A pick-up truck drives on a flooded road past a farm that is surrounded by flooded fields of tropical storm Florence Hyde County, NC., Saturday, Sept. 15, 2018. (AP Photo/Steve Helber)
RALEIGH, N. C. – North Carolina must be able to withstand more torrential rain, gusty wind, and the river, the floods of Tropical Storm Florence next week, but emergency leaders are already busy with the recovery.
Non-profit groups are prepared to serve tens of thousands of meals daily in the most affected areas, while the state and federal emergency officials to find temporary housing, including hotel rooms, for the storm victims in the weeks or months that they are supplanted.
“We expect a few days of rain, and our focus now is on the people from the area of immediate danger,” North Carolina Gov. Roy Cooper said, as the storm subsided puttered slowly west near the South Carolina border. “And then we will be the shift in the composition of our communities back together.”
Thousands of the 20,000 people in more than 150 shelters this weekend, and others wait for the elsewhere can not return to their homes for good any time soon. Cooper asked displaced residents Saturday to resist the urge to return now and wait until the storm clears out and the roads are in good condition.
Houses are washed away by the storm surge or unlivable created by standing water, fallen trees, or other objects. And even if their houses survived intact, hundreds of thousands of utility customers that have no power and limited food options.
The North Carolina Baptist Men’s organization of the plan is to start with a rapid movement of the material of the kitchen in the interior, where they expect to prepare more than 85,000 meals a day when food operations are up and running. The first units were expected to come online early next week in New Bern and Washington, North Carolina, according to Jack Frazier, the Baptist Men disaster relief coordinator.
“It’s going to be a big operation, very big,” Frazier said. The Salvation Army and the American Red Cross usually work with the Baptist group by the transport of these prepared meals into the hardest-hit areas. Together with the other house cleaning and the repair ministries, Frazier said his group works “in principle restore a person back to where they were, as much as we can.”
The federal government’s approval late Friday of a major disaster declaration in North Carolina means immediate funds can go to help with damage-repairs and restoration for eight coastal counties, Cooper said. The number of provinces at this level of assistance is likely to increase.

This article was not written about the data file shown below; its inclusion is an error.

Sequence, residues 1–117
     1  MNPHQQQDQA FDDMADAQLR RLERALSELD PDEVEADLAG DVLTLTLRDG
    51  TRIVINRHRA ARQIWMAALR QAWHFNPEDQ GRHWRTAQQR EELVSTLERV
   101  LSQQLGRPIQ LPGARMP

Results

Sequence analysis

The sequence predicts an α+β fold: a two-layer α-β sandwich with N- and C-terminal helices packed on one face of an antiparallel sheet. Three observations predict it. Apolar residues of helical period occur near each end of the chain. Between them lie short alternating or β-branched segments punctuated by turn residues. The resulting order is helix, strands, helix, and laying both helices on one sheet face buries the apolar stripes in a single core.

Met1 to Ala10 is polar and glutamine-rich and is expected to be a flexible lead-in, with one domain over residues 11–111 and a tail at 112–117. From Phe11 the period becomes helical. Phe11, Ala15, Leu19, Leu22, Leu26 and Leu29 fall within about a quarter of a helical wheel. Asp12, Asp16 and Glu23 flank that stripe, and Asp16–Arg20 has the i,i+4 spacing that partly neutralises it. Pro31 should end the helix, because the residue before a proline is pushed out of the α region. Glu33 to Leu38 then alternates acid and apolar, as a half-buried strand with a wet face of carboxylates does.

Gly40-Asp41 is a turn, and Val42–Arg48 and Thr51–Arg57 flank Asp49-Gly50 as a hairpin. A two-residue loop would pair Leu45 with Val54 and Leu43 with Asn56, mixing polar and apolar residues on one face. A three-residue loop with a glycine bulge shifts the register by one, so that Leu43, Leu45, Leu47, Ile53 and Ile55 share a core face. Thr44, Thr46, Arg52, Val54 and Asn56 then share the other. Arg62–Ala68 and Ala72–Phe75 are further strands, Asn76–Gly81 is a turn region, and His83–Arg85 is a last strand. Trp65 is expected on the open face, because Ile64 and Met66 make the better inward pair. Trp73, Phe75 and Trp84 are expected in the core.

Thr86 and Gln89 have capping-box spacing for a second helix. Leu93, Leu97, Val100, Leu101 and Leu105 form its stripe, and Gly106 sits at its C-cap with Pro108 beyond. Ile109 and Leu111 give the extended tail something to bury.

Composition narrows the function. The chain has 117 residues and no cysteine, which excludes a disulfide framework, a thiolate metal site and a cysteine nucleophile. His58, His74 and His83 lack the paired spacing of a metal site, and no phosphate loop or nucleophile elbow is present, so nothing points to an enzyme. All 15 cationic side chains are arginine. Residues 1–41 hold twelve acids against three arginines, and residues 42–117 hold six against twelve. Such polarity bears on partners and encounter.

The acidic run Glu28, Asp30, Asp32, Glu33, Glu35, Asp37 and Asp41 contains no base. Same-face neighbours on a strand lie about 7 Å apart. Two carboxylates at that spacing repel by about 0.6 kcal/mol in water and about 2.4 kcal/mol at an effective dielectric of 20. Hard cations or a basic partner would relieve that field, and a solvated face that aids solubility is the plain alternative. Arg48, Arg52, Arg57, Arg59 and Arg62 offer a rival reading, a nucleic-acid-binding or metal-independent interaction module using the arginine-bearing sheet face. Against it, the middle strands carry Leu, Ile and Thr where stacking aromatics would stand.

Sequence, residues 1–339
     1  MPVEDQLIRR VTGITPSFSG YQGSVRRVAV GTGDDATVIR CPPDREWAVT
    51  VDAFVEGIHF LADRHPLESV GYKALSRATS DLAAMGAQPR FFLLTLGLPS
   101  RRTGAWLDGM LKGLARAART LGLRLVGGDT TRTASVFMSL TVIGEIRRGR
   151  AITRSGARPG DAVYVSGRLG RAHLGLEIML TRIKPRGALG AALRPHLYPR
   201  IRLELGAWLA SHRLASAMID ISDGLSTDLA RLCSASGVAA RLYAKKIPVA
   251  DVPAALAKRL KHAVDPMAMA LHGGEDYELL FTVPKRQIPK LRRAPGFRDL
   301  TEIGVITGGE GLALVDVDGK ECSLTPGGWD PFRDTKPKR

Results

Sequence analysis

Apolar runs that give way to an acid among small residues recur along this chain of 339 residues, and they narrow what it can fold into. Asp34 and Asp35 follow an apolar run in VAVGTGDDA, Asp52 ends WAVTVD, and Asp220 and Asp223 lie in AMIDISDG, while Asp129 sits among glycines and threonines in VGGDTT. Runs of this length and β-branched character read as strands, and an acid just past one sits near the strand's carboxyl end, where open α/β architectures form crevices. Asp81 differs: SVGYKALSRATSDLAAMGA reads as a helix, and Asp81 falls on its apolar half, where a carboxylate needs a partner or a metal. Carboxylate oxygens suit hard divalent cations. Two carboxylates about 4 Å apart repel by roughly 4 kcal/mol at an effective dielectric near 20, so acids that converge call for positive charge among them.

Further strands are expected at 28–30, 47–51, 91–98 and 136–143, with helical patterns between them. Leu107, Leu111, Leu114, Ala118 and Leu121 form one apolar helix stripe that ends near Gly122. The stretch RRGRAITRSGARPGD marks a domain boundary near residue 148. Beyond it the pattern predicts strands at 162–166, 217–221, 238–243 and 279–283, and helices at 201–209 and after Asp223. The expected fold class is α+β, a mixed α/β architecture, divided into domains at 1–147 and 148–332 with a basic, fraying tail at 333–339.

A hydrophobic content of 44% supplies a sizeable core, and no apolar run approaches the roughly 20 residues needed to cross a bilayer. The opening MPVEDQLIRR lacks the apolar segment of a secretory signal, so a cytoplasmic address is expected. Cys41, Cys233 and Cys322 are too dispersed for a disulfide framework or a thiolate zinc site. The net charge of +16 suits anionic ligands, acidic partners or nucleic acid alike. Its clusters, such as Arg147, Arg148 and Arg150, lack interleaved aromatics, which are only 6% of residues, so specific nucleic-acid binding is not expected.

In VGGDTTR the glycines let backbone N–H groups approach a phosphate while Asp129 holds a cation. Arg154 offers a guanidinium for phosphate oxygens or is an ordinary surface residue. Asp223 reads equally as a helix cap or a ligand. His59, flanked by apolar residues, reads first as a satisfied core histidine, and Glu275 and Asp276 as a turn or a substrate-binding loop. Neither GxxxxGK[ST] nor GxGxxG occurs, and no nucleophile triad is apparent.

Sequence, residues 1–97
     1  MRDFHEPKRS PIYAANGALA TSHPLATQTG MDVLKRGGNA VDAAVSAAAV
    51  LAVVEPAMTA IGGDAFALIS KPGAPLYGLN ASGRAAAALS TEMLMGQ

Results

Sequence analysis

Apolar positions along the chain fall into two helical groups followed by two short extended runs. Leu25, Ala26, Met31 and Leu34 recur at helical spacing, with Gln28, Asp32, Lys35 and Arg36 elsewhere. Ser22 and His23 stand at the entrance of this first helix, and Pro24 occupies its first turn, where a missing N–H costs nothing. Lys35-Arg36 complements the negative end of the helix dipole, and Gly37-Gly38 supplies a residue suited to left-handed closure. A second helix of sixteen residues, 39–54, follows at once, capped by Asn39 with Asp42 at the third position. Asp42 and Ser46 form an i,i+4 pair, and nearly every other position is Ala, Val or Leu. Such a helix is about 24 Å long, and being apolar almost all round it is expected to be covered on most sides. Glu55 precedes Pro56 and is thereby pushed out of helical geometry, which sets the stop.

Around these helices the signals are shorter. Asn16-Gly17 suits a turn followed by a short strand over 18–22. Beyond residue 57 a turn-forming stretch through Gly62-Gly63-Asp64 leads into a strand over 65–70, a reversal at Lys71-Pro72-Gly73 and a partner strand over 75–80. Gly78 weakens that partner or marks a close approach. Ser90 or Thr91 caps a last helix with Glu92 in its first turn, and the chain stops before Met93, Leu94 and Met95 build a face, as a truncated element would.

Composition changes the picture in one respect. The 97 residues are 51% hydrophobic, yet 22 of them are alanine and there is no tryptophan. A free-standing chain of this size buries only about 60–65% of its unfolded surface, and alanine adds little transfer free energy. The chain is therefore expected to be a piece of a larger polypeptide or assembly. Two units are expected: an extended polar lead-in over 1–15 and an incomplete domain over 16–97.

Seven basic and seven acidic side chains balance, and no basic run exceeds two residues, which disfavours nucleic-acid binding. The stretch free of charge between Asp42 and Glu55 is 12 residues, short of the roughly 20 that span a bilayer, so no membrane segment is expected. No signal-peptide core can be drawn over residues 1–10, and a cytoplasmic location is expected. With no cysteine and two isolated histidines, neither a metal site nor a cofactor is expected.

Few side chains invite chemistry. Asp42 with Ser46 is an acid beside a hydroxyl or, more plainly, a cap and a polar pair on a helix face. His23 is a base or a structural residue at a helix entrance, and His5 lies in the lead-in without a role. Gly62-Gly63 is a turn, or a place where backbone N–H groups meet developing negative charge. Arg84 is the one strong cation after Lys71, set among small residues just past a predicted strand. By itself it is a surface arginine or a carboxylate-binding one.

State and the Federal Emergency Management Agency officials, who are already on the ground in North Carolina for several days, already talking about temporary housing options, state Division of Emergency Management director Mike Sprayberry said. They expect use of FEMA’s Transitional Shelter Assistance program, which is paid for by both state and federal funds for displaced residents in the rooms.
“What we try to do is to minimize the time people spend in their shelters that they are today,” Sprayberry said. “We should take them back into their areas until they are cleared safe to go.”
The program was used in North Carolina after Hurricane Matthew in October 2016. Some people were in hotels for months. In earlier hurricanes in North Carolina, where the residents lived in trailers while they rebuilt or permanent housing.
The long-term recovery will take years. Although more than $740 million for the federal, state and local funds are spent to the address Matthew damage, state officials are still working to distribute the $236 million allocated by the federal government last year to help compensate or to pay for extensive home repairs.
With almost 90 of the 100 counties with the setting up of their emergency management offices for the storm, all signs point to an even longer recovery from Florence.
“I’ll tell you, this is so widespread, you’re going to have a hard time finding a North Carolinian who won’t be affected by this storm in a certain way,” Cooper said.
For the latest news on Hurricane Florence, visit https://www.apnews.com/tag/Hurricanes .